Communications regulator Ofcom has given the go-ahead for vehicles such as boats, planes and trains to provide passengers with superfast broadband.
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The technology will provide passengers with internet speeds up to 10 times faster than Wi-Fi and internet-connected dongles.
The superfast broadband will be provided by "earth stations", which will be attached to moving vehicles and connect to "geostationary" satellites orbiting the earth at a speed and height that keeps them above the same point on the ground.
The high frequency of earth stations will allow more data to be transferred, and up-to-date antennae will pinpoint the static satellites more accurately, speeding up internet access.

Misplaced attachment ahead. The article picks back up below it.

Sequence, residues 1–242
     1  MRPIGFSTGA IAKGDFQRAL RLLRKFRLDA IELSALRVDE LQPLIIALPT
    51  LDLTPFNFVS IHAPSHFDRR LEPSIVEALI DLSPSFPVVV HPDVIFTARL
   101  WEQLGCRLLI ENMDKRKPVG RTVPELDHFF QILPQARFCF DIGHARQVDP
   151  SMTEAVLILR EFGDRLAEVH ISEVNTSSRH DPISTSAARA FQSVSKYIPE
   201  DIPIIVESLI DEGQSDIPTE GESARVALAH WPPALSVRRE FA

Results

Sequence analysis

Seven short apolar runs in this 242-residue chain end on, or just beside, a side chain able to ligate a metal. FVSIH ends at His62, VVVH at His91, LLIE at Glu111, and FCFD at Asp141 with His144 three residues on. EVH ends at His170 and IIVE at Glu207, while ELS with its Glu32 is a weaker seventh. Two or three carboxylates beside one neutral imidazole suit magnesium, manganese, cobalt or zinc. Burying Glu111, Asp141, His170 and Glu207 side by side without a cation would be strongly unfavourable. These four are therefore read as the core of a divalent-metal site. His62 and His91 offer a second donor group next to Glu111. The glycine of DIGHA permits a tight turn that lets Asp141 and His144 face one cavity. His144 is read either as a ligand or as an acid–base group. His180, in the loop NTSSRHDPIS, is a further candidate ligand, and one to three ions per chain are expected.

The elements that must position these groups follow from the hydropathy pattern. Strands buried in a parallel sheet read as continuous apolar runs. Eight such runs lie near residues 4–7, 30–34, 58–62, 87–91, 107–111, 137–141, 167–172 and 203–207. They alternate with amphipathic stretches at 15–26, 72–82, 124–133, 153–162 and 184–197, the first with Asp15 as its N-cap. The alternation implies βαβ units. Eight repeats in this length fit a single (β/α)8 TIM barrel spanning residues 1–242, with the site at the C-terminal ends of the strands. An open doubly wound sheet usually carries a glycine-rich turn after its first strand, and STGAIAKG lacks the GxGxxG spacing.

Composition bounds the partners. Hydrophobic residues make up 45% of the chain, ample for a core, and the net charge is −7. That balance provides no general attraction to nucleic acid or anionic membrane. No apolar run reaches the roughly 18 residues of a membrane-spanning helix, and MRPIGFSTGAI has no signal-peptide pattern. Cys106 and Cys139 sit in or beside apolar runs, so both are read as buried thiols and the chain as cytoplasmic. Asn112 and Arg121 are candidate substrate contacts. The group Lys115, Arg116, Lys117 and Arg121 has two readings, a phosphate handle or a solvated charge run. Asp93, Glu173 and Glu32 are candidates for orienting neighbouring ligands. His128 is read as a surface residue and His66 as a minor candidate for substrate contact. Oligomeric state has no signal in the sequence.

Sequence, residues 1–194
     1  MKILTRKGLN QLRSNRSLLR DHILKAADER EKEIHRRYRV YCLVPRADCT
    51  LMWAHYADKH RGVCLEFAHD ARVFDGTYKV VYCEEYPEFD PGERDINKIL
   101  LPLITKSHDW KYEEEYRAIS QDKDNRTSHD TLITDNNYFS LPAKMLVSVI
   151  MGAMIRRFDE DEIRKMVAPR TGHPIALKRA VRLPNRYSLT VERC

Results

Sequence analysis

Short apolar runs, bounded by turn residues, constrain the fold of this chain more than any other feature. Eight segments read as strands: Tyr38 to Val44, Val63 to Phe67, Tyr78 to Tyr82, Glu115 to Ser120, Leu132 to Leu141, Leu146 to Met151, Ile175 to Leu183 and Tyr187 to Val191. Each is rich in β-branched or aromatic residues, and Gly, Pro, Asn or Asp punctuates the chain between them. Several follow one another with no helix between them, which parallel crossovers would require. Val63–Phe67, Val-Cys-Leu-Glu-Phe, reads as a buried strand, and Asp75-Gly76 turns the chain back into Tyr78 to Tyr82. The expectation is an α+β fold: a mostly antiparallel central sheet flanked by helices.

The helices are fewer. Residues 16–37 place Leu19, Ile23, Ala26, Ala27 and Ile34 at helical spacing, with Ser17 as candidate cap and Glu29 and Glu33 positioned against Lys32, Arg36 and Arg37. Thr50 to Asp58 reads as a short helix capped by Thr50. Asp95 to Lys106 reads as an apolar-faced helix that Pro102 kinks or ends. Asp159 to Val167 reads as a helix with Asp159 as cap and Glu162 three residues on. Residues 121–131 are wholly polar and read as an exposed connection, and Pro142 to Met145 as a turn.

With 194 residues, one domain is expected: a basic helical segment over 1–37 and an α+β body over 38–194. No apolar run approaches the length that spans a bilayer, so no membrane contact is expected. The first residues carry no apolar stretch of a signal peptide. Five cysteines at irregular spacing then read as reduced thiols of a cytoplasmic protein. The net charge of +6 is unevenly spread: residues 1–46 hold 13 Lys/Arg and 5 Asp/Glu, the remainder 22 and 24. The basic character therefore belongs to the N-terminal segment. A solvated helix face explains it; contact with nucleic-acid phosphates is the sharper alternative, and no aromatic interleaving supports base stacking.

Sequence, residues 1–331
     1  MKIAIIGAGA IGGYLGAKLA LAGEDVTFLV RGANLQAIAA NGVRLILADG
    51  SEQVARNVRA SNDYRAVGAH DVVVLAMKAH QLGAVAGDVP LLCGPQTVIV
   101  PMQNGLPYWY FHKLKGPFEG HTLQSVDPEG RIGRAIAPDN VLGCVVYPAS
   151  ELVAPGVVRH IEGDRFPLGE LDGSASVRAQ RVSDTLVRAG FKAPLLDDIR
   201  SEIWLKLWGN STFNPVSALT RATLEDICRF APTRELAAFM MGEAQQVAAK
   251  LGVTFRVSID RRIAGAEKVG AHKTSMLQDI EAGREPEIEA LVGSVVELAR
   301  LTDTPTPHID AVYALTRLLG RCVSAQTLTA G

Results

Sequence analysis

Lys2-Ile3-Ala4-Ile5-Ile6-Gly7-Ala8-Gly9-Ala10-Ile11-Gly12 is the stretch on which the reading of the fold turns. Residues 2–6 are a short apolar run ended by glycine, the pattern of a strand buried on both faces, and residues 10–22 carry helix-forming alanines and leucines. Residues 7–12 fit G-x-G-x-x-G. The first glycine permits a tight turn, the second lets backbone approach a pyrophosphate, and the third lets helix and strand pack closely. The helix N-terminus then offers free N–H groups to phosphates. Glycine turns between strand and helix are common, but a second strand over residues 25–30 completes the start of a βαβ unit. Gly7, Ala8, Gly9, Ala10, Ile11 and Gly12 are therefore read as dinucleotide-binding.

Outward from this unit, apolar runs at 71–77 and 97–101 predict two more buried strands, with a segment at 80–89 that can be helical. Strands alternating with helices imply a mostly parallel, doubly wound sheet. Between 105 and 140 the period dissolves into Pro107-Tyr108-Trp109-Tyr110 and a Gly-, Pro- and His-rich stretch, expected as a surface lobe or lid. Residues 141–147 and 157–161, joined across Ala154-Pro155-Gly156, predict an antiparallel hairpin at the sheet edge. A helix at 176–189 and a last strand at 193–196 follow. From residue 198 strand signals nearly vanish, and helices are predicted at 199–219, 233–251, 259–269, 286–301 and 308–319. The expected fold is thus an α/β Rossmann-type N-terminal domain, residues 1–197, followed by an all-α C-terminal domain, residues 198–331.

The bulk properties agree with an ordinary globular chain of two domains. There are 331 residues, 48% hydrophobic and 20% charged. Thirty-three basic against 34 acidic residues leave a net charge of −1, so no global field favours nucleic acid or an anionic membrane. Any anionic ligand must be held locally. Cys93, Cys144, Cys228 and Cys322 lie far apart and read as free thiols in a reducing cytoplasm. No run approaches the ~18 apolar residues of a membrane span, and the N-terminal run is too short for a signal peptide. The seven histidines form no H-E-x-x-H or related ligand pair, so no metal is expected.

Although devices mounted on vehicles, such as trains do not need licensing, vehicles such as planes and ships will need a licence from Ofcom to use these devices, since they may cross into different territories, countries or jurisdictions where different laws apply.
More on superfast broadband
Philip Marnick, group director of Spectrum at Ofcom, said: “We want travellers to benefit from superfast broadband on the move at the kind of speeds they expect from their connection at home.
“Today’s decision means operators of trains, boats and planes will soon be able to start making these valuable services available to their passengers.”
Superfast broadband is currently being rolled out across the UK.
Ofcom is expecting to accept applications for ship-mounted earth station licences by February of this year.